Chinook slingloading a Humvee
Staff Sgt. Hector Hoyas (right), an aerial delivery field service department instructor, and Air Force Senior Airman Matthew Phillips, turn away from the rotor wash as a Nevada National Guard CH-47 Chinook helicopter takes off with a Humvee at Nellis Air Force Base, Nev., during sling-load training on April 15, 2011.

NASHVILLE, Tenn. (Army News Service, April 21, 2011) -- The U.S. Army and its industry partner Boeing have built 126 CH-47 Chinook "F" model helicopters, the latest modernized cargo aircraft built with state-of-the-art avionics, automated flight controls and a digital cockpit GPS map display, service officials said.

"When I talk to aviators in theater today about the "F" model Chinook, the one thing I hear is 'awesome,'" said Lt. Col. Brad Killen, CH-47F product manager.

The "F" model Chinook, tasked with delivering supplies and troops at high altitudes in mountainous terrain such as in Afghanistan, is engineered with a Common Aviation Architecture System, or CAAS, cockpit, which consists of five multi-functional digital displays giving pilots key situational and navigational information, Killen explained.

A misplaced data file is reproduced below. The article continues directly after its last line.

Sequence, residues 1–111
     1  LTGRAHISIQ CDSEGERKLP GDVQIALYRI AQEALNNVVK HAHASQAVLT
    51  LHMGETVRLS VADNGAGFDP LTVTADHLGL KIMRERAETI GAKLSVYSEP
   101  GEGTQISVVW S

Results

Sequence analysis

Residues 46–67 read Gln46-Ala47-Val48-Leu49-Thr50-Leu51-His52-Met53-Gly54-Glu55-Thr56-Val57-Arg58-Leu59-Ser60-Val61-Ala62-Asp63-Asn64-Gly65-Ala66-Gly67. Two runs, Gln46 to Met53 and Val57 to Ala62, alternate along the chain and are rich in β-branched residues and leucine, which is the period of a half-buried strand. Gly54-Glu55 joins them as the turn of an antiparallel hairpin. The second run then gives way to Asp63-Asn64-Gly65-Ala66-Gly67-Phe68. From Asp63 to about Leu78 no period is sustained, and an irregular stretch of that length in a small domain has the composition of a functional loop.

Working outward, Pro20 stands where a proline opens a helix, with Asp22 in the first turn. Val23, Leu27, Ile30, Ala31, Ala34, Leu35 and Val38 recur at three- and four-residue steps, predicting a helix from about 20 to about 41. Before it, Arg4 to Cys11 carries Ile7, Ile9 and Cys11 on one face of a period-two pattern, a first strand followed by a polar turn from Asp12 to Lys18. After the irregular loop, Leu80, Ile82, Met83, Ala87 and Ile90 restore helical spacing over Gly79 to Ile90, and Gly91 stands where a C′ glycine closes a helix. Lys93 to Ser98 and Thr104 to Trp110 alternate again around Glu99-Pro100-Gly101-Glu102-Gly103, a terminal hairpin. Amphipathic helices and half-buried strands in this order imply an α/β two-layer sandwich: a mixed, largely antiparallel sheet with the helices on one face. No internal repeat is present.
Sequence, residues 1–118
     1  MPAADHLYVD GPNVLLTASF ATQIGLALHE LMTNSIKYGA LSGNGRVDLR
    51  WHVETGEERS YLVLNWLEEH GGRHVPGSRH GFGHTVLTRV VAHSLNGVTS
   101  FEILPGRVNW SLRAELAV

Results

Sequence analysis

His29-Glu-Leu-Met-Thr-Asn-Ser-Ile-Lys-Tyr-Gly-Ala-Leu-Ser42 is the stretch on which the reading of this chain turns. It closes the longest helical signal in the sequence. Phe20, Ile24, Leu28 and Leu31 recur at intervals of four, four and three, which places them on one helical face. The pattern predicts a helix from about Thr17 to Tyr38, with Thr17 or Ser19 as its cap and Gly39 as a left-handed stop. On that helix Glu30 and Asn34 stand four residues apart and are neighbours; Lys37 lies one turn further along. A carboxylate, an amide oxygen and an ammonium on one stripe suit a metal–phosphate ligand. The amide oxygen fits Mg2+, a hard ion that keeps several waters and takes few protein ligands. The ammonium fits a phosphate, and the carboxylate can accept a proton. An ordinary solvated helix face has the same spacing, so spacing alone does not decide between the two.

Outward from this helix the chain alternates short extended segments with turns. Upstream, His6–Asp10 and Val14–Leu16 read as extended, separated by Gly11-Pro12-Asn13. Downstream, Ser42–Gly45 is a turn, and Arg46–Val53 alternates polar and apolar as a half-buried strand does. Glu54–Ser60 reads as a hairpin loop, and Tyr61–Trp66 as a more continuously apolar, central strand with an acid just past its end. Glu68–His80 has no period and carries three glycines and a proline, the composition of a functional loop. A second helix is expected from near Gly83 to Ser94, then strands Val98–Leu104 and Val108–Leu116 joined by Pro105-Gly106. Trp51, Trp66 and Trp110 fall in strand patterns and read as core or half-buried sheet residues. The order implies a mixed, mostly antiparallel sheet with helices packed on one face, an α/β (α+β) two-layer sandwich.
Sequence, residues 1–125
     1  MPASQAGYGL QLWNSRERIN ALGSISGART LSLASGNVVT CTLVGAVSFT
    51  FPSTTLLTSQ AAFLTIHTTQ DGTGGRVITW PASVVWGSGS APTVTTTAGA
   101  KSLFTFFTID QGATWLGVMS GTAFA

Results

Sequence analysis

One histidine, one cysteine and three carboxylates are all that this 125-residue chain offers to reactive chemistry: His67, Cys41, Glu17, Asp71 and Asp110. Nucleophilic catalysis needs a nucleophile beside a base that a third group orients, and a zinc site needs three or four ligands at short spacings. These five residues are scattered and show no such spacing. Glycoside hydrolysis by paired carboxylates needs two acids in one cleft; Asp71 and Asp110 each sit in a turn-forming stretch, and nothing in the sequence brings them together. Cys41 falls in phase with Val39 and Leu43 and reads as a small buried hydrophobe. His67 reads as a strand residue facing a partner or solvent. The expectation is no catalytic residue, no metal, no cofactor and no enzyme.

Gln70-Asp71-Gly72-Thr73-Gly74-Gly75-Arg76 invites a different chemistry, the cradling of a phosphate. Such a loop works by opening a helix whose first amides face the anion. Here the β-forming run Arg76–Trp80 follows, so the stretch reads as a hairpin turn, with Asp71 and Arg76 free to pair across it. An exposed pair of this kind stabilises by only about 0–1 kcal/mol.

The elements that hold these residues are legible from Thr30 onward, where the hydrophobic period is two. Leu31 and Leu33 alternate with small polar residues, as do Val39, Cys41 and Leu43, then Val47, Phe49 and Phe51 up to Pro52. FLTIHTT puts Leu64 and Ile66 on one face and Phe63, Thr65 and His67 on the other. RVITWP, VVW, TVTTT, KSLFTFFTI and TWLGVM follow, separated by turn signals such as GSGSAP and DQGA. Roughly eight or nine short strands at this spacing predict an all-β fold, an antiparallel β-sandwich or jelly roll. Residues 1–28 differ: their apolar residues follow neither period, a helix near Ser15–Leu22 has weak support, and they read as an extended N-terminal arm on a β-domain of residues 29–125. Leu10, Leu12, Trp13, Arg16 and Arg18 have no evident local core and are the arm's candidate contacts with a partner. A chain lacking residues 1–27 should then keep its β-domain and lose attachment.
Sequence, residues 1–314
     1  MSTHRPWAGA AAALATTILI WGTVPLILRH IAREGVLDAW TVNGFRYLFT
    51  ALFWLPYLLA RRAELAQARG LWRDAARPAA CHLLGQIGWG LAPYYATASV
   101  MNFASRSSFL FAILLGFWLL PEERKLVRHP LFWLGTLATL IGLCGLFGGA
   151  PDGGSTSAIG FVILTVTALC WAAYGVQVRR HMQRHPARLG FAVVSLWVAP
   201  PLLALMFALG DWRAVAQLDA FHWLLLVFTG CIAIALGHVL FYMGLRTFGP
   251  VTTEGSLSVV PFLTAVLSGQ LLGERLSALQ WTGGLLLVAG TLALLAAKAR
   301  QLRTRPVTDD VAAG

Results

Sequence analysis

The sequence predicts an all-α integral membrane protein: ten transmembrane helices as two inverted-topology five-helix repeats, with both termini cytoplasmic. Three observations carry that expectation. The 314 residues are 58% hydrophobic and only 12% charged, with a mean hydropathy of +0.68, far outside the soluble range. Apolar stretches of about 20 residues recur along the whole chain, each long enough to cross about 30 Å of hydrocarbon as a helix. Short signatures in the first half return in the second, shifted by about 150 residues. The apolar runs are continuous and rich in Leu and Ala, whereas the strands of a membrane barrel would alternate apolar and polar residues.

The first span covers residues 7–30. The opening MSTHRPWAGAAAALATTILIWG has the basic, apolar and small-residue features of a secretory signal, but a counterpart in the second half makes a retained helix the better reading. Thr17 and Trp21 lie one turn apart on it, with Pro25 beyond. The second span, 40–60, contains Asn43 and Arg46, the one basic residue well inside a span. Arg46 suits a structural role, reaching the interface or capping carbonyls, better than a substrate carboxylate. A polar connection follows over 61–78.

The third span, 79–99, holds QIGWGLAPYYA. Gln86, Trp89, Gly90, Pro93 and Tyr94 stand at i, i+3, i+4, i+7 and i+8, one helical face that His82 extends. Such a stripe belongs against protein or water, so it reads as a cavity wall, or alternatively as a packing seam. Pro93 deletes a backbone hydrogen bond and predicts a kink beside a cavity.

"The CH-47 Chinook demonstrates its exceptional capabilities every day in combat operations making them powerful combat multipliers that save Soldiers' lives and support overall contingency operations in theater," Killen said.

The aircraft also has a digital automated flight control system which, when coupled with the avionics built into the CAAS cockpit, can help stabilize flight and even help the aircraft to fly a given route by itself, Killen said.

Also, unlike previous Chinook airframes, which were built with rivets, the "F" model helicopter is engineered with a "one piece" monolithic airframe.

"With older helicopters you had rivets that held everything together. With the F model we went with one monolithic airframe. In a monolithic airframe you don't have cracks. It is one big piece," said Killen.

The technologies built into the Chinook "F" can even help pilots land in "brown out" conditions, said Col. Bob Marion, program manager, Cargo Aircraft.

"There is symbology on the multi-functional display that will show you where you are," Marion said.

Overall, the Army plans to field at least 440 Chinook "F's" by 2018, Killen said.

The U.S. Army is celebrating the 50th anniversary of the Chinook helicopter this year. The first flight was completed in September 1961.

Page last updated Fri July 22nd, 2011 at 12:16